Take Responsibility.
Despite the editor’s role in your writing, the writing is still your job. Turn in the most flawless work you can. Seek answers to your own questions. Find and use the best research and resources available to you. In this way the editor is like your boss: make their job as easy as possible, and they’re likely to return the favor.

Understand Where They’re Coming From.
It is the editor’s job to protect the final product, whether that product be a magazine, a website or a company’s marketing materials. The editor isn’t out to get you- he/she is out to produce the most perfect final product possible. Understanding the editor’s job will go a long way toward making your job more pleasant. Accept their feedback, make the revisions and get on with your life. No one wins a power struggle!

Communicate. . .And Do It Well.
This is probably the number one thing a writer can do toward making an editor-writer relationship work. Understand the editor’s needs, the company’s needs and the product you are providing. Procure all the information you need to do your job well. Ask questions, listen for answers, and take direction well. These are all part and parcel of communicating with your managing editor.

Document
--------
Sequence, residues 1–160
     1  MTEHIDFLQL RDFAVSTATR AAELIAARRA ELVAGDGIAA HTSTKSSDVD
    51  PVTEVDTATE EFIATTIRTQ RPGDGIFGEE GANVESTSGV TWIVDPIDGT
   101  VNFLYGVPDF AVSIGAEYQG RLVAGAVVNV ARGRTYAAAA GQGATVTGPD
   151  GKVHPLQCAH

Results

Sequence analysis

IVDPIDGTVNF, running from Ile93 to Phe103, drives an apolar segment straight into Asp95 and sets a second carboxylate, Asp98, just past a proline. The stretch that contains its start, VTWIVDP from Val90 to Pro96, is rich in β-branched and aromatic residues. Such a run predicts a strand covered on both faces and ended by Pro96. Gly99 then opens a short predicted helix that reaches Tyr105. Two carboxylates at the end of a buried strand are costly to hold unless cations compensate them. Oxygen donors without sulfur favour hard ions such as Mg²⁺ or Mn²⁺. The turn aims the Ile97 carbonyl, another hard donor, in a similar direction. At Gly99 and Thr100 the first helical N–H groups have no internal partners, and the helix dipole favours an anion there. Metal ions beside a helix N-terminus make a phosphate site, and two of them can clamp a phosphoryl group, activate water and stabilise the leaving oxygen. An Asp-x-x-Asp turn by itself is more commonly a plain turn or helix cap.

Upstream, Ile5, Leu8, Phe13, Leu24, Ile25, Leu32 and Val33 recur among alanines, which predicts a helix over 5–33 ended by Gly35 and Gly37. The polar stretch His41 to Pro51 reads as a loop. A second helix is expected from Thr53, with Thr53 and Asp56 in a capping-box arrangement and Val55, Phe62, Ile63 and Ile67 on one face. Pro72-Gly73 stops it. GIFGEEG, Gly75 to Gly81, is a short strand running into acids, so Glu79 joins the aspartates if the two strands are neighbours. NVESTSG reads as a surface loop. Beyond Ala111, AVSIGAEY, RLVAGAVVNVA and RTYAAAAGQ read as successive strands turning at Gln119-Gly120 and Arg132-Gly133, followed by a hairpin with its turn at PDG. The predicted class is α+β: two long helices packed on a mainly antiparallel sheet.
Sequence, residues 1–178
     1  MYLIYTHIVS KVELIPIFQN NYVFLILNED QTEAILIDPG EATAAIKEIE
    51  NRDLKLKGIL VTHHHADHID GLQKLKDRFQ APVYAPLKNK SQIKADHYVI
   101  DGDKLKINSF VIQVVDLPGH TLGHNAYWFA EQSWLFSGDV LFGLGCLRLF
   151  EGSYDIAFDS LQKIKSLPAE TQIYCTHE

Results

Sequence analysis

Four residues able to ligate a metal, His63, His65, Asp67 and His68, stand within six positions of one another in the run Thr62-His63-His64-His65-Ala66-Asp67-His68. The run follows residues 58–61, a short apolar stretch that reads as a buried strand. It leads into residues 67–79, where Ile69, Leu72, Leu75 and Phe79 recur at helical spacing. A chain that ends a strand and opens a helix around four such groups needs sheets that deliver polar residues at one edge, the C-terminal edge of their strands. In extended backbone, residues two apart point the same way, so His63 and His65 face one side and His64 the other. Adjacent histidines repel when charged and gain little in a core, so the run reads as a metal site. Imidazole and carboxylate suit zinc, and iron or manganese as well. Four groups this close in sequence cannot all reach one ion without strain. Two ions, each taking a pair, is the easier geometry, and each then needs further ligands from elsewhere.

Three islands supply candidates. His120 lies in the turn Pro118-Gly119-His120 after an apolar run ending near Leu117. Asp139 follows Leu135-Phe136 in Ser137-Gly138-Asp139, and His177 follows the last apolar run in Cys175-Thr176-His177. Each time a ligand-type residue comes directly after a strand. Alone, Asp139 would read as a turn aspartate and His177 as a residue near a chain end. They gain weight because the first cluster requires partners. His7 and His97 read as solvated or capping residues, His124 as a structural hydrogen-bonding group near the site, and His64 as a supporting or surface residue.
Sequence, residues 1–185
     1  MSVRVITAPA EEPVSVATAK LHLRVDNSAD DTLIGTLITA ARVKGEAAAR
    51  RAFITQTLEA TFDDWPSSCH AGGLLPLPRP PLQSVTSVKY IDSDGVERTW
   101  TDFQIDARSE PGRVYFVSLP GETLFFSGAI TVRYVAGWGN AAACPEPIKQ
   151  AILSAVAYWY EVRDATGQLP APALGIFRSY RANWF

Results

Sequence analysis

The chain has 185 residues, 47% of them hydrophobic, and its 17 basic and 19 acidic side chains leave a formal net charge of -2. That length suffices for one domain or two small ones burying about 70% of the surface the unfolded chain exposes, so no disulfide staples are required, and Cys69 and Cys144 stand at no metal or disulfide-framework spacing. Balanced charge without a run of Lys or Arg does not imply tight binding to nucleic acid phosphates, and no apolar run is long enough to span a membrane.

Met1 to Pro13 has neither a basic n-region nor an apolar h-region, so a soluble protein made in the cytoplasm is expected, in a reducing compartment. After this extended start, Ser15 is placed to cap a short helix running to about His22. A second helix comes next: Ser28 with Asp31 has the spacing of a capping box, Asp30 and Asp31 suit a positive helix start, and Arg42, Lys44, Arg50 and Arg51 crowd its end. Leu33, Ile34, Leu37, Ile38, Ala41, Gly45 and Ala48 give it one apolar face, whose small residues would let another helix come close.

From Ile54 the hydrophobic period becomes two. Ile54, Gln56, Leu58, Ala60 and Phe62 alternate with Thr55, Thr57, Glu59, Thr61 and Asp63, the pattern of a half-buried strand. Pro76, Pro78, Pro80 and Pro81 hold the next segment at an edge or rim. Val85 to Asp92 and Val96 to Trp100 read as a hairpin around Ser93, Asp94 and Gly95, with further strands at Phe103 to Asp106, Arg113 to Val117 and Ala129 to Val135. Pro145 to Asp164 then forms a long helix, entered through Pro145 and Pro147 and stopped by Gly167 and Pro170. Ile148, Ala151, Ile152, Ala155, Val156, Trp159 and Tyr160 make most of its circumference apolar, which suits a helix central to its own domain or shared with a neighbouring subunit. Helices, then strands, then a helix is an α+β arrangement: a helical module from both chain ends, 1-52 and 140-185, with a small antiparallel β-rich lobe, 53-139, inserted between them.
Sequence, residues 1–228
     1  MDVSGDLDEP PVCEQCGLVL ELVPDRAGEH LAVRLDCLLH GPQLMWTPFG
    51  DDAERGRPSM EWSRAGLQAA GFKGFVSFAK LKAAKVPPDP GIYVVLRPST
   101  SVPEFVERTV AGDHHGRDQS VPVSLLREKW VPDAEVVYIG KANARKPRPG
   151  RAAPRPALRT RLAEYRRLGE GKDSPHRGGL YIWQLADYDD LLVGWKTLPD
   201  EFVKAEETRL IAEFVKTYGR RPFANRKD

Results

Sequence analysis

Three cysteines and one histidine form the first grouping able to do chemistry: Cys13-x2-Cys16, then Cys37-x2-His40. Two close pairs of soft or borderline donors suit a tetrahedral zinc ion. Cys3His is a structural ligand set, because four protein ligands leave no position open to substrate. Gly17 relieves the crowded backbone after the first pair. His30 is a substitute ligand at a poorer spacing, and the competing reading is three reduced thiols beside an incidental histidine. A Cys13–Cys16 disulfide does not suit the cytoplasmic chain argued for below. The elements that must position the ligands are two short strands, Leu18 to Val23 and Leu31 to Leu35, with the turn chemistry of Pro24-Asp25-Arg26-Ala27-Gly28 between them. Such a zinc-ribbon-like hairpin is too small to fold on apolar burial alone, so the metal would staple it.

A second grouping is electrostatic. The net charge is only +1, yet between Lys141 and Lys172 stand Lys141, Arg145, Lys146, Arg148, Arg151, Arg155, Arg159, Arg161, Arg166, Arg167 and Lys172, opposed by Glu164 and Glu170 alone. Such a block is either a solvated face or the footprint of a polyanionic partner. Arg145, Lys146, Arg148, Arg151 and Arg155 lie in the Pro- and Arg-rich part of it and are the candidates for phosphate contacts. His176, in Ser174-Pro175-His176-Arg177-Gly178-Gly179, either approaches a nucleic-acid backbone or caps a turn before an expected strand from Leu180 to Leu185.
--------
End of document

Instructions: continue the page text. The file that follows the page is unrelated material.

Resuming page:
Incorporating these simple strategies into your relationships will help you to work well with your editor, resulting in a positive experience for both of you.

Top 6 Rules for Networking

1. Include Everyone You Know on Your Network

When it comes to networking everyone you know can be a useful contact. While someone may not be directly involved in your field, he or she may know another person who is.

2. Be Willing to Ask for Help

In order to get help you have to ask for it. Don't be shy. If you need advice call someone on your network.

3. Be Willing to Give Help

Your network doesn't exist only for your benefit. You should be willing to offer your help to others as well. So, if someone on your network asks you to speak to his nephew about your job, you must be willing to do it. If you hear news that someone on your network can benefit from take the time to share it.

4. Don't Use Your Network for Only Job Hunting

Many people have the misconception that networking is only for job hunting. They attempt to utilize it only when looking for work. Well, guess what? If you only get in touch with your contacts when you are looking for work, your network may dry up. Not only that — your contacts may come to know you as "that person who's always looking for a job."

5. Keep in Touch With Your Network Contacts